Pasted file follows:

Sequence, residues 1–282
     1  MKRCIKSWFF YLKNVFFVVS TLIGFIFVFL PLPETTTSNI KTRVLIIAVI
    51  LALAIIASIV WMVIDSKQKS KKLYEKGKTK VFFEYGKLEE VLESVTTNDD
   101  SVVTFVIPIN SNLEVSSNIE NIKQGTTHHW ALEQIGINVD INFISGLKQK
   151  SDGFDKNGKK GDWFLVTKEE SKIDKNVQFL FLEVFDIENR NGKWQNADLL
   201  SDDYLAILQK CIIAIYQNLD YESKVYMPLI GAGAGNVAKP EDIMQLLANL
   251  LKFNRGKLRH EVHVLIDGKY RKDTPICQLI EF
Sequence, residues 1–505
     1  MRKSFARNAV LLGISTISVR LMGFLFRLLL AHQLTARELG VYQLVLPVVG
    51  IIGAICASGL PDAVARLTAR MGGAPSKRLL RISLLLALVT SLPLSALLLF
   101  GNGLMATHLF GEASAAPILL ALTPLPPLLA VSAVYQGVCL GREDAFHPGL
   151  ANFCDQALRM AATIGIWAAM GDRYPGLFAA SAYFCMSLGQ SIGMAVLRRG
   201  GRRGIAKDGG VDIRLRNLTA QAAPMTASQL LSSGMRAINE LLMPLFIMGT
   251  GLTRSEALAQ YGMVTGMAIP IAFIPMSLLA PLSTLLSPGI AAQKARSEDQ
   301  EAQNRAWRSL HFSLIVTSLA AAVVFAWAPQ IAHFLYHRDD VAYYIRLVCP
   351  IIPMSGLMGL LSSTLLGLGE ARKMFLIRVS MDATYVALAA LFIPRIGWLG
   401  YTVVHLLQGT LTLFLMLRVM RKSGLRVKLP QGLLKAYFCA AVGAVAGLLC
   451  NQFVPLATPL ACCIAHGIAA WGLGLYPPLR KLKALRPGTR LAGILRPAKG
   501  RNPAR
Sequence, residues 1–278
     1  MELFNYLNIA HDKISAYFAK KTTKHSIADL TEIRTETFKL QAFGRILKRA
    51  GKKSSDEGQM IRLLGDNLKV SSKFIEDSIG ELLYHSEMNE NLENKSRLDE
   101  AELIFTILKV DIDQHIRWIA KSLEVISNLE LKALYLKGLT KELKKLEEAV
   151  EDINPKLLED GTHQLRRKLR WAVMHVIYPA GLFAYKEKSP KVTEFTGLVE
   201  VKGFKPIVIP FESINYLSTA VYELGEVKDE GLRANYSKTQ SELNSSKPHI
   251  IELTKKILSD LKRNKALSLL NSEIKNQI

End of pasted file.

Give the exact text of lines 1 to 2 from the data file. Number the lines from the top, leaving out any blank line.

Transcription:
Sequence, residues 1–282
     1  MKRCIKSWFF YLKNVFFVVS TLIGFIFVFL PLPETTTSNI KTRVLIIAVI